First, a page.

If you've ever had your blood drawn, chances are you've interacted with a phlebotomist. Phlebotomy is the practice of drawing blood. While phlebotomists specialize in this area, they are responsible for many related duties as well. At the start of an appointment, they will converse with the patient or donor to explain the procedure, answer questions, and try to calm any anxiety the patient may be having.
In the case of blood donations, phlebotomists are often in charge of screening potential donors. In physicians' offices, they verify or record patients' information. Phlebotomists also take care of labeling and storing blood samples for processing or testing. There are a wide variety of locations where a phlebotomist can work, but they are most often found in physicians' offices, hospitals, or clinics. Some phlebotomists may work in blood donation centers,.
The Facts Behind Phlebotomy Certification
Hi I'm Elora Murray at Fusion 360 Studios reporting for the Phlebotomy Training News Network Today we are discussing some facts behind phlebotomy certification. The ASCP, NAPT and NHA are among the organizations that provide phlebotomy certifications. A phlebotomy certification is required to work in California, Louisiana, Florida, Washington and Nevada. California also requires a state certification to work as a phlebotomist technician in that state.In addition, certified phlebotomists typically earn higher starting wages than those that are not certified.Also, many employers prefer phlebotomists who have received a National Certification.To become certified, one must take an exam after completing a phlebotomy.
Training course.Certifications typically need to be renewed every two years.Finally, Phlebotomists usually need to have completed a few hours of continuing education to recertify. That's all the news we have for you today. Im Elora Murray with the Phlebotomy Training News Network. Thanks for joining us.
Best Phlebotomy Schools In Houston,Texas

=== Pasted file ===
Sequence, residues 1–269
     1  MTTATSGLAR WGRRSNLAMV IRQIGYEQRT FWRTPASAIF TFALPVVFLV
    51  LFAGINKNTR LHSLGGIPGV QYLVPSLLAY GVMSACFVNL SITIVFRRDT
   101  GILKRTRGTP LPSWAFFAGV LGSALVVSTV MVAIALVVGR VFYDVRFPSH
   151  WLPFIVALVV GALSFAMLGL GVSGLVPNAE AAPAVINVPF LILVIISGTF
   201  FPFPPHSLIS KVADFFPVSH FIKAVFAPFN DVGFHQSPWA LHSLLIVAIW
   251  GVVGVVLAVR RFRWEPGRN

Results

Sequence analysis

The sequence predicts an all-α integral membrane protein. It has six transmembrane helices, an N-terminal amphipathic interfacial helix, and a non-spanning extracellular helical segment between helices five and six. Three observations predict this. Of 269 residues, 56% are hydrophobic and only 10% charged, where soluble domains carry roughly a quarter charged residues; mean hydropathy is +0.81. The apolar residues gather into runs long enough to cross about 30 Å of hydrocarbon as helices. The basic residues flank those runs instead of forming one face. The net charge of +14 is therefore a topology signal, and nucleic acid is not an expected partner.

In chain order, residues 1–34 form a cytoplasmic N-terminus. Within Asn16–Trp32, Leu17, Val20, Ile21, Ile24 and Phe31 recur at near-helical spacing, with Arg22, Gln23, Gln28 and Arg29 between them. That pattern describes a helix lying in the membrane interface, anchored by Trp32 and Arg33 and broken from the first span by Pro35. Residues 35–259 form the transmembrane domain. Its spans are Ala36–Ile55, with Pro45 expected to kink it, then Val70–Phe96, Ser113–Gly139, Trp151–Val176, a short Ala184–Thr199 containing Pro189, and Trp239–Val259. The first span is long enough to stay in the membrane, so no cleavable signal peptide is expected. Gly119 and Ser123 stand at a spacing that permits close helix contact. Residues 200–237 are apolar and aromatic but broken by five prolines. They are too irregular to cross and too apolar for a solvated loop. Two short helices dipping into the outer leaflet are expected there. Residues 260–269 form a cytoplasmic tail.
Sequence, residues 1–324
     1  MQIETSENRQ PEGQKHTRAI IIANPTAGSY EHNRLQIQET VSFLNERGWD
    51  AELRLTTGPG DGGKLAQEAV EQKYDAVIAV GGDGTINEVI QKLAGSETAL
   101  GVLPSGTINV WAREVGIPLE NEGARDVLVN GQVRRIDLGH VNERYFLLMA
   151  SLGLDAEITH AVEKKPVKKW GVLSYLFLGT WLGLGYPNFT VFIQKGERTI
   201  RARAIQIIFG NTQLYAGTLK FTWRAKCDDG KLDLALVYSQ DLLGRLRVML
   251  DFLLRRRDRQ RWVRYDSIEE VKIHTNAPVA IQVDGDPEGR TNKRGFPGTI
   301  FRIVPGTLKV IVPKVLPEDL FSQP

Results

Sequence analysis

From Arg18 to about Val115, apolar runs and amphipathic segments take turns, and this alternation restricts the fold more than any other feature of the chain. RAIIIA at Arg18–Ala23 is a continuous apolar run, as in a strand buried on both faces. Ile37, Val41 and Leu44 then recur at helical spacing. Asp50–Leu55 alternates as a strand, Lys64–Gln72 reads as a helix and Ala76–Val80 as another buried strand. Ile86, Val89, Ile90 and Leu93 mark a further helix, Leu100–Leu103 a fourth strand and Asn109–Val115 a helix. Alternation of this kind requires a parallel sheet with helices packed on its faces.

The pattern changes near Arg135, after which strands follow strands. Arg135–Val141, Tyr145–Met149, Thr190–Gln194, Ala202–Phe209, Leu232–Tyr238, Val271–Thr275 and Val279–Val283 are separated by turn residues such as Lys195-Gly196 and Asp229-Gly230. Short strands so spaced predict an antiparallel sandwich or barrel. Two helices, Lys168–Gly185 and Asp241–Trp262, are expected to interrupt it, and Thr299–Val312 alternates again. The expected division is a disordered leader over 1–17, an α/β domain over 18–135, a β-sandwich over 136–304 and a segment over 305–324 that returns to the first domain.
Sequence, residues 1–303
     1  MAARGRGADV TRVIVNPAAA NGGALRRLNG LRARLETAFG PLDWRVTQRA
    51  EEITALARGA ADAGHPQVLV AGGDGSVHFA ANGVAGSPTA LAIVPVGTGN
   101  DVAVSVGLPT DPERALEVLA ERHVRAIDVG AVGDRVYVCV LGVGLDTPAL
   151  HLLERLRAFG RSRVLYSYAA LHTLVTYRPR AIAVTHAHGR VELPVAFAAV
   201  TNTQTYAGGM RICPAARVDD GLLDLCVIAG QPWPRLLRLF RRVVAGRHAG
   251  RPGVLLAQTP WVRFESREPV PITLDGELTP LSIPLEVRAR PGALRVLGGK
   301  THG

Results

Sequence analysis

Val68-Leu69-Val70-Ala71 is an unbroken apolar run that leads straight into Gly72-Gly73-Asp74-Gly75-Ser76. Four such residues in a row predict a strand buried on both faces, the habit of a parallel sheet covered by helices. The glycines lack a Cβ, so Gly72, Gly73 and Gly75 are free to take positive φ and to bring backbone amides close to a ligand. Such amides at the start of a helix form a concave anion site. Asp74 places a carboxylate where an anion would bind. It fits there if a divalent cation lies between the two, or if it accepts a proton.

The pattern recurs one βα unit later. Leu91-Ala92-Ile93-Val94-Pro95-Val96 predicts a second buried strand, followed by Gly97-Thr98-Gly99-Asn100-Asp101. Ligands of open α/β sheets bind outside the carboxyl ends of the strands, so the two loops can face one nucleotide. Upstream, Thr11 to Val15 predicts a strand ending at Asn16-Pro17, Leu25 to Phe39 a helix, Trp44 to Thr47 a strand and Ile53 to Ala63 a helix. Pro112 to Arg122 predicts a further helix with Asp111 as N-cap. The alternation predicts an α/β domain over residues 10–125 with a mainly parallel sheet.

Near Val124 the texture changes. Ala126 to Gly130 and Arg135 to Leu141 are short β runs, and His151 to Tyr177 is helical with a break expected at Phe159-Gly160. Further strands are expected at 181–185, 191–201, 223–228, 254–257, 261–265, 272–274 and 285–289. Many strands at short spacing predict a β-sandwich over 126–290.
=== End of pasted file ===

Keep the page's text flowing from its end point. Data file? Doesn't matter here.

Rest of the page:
|The Ocean Corporation|
|10840 Rockley Road|
Houston, TX 77099
|School of Automotive Machinists|
Houston, TX 77055
|MTI College of Business and Technology|
|11420 East Frwy|
Houston, TX 77029-1963
|Learning Institute of Texas|
|6403 Addicks Clodine Rd|
Houston, TX 77083-1201
|Trend Barber College|
|8250 West Bellfort|
Houston, TX 77071
Donation processes. So, here she is sitting in our chair. I'm going to lift your chair up, so you're in the donation position. Ready? Ok. I'm Geoff. I'm going to be drawing your blood today. Have you ever donated before? Yes, ok. And, which arm do you like to donate from? So, I asked her had she done this before and which arm she wants to donate with. Usually, people who have done it before know which arm works for them. So, there's two things I'm going to give her now. This thing to squeeze and then we're going to wrap this blood pressure cup around her arm. We use these as tourniquets, so not actually going to take your blood pressure. It's just going to put pressure against your arm. It's going to make your vein come up.
So, what I'm going to do is inflate this cup to about sixty. And, I'm going to have her start squeezing against it. This is going to bring her veins to the surface. And, make them bold so they're easier to find. I'm going to put this under your arm. So, right now. Hold your squeeze. I've found suitable veins. This is called palpating. I want to find the direction that the vein is going, how large it is and see if it's going to move around. Some veins are not anchored down by muscle and tend to move. I've selected the vein I want to use. And, so I'm going to use this aluminum sealing clip to mark it. I'm going to lower the pressure. You can go ahead and relax your grip. The veins going to go down.